Also, note that with the "script" I presented you probably won't be talking directly to an art director, but to someone who's job it is to deal with the sort of calls they're too busy to take.

    Last edited by Elwell; August 28th, 2009 at 08:40 AM.

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    Quote Originally Posted by dashinvaine View Post
    Is it maybe better to combine emailing and calling?
    They both have their place. In some cases, cold calling is how one gets an email address in the first place.


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    The guy in that ad is really talking more about people doing sales, not freelancers. Whatever tips he has will be geared for a completely different animal.

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    As soon as you see a website like that you know the guy has no useful information to convey and will be charging a fortune for it. The fact is that if cold calling was ineffective, it wouldn't happen, so his premise is immediately invalid.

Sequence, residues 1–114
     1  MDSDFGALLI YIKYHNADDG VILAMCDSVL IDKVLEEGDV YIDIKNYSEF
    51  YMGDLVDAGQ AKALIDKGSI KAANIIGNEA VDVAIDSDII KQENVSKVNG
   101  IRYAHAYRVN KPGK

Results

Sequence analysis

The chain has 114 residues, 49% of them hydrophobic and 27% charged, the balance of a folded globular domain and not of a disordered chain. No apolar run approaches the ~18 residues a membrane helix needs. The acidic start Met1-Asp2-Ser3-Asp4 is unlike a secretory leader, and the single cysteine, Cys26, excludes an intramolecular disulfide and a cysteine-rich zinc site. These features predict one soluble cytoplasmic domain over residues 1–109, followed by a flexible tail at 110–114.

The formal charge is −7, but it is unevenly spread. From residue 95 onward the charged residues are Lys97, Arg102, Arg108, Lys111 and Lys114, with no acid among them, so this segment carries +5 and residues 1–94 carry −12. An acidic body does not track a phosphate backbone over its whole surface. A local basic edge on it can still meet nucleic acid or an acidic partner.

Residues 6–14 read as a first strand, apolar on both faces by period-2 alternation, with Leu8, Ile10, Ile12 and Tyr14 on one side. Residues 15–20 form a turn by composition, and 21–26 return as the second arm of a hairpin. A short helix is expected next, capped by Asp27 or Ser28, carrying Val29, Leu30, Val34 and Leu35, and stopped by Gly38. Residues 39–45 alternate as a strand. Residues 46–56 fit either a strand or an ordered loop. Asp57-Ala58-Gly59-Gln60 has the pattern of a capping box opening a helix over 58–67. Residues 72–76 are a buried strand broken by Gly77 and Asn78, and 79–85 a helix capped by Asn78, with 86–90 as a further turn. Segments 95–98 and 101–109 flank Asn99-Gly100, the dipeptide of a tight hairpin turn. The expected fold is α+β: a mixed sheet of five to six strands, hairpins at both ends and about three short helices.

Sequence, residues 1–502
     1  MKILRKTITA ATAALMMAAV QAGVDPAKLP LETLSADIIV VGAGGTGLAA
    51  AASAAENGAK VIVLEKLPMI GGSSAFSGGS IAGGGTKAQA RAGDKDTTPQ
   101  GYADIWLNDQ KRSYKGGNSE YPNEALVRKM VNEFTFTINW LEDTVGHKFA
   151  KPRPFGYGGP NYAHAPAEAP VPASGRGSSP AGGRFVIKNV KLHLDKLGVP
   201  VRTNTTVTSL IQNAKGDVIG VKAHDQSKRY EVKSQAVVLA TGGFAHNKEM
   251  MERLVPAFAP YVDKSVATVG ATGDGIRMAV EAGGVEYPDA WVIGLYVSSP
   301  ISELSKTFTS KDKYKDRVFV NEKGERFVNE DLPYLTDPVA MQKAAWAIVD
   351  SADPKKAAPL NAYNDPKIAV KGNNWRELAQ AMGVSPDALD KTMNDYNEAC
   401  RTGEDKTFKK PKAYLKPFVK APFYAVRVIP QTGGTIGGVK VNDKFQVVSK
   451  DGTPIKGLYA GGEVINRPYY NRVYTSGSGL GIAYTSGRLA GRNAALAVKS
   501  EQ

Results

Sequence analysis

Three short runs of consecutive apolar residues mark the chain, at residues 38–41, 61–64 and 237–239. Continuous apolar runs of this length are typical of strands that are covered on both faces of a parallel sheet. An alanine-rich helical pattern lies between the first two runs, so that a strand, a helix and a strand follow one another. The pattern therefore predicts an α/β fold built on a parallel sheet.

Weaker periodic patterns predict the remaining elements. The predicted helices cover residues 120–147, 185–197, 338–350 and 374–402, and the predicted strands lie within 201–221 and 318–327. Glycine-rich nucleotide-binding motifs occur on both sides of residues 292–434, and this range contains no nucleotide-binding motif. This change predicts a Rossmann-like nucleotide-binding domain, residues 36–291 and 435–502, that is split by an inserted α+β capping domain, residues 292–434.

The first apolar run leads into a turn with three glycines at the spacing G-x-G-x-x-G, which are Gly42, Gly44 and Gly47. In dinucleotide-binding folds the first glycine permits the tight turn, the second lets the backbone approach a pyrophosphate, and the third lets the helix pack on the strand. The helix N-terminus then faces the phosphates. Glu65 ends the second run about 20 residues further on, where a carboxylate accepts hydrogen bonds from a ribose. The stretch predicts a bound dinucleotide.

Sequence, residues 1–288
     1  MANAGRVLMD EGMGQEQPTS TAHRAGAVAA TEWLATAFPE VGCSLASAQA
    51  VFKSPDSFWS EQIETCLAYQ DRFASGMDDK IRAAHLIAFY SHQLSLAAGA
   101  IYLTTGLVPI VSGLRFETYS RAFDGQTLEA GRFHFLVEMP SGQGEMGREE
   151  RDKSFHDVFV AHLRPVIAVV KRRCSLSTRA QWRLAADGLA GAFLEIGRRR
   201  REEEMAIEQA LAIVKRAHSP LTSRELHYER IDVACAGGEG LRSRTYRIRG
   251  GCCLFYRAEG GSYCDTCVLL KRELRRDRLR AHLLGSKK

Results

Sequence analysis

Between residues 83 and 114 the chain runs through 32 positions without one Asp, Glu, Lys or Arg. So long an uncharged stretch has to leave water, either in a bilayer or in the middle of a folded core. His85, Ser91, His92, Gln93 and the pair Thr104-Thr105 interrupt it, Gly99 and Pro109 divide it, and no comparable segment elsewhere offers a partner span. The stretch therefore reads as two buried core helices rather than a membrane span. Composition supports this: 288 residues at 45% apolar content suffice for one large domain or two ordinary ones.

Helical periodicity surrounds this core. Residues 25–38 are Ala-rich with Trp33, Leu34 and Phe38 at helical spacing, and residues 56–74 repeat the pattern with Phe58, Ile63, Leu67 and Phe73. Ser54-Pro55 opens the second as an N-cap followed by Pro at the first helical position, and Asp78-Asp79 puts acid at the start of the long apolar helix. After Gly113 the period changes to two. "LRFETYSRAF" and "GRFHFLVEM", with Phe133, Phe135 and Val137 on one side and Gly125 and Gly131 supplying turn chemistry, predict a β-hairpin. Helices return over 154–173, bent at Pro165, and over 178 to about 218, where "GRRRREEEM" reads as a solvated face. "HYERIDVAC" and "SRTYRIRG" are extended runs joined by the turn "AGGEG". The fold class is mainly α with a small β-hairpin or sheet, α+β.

In terms of someone looking for freelance work, cold-calling shows initiative and drive. I don't think many art directors turn up Monday morning and say, "Hmm, I bet Joe Bloggs is sitting on his ass waiting for someone to offer him a job, so I guess I'll just go ahead and call him up."

    In terms of sales oriented work - and I'm thinking mainly business-to-individual - distasteful as it is, it gets results. Someone asked me the other day (rhetorically, I might add), why do people bother sending out spam when nobody takes any notice of it. The fact is, they do take notice, and it makes a lot of people a lot of money. If nobody acted on spam then there would be no spam, it's as simple as that. And that applies to cold-calling too. And, of course, free art.

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    I think it depends on what kind of jobs you want. Personally I do stuff that would be interesting for design studios and I think cold calling would work for that. I simply don't dare to do it

    I do send out cold postcards, letters, emails and I meet people in person without problem... but I just don't dare to call.

    I even have a small phone script ready, some phone numbers of people I want to work with and even had the phone in my hand once... but that's it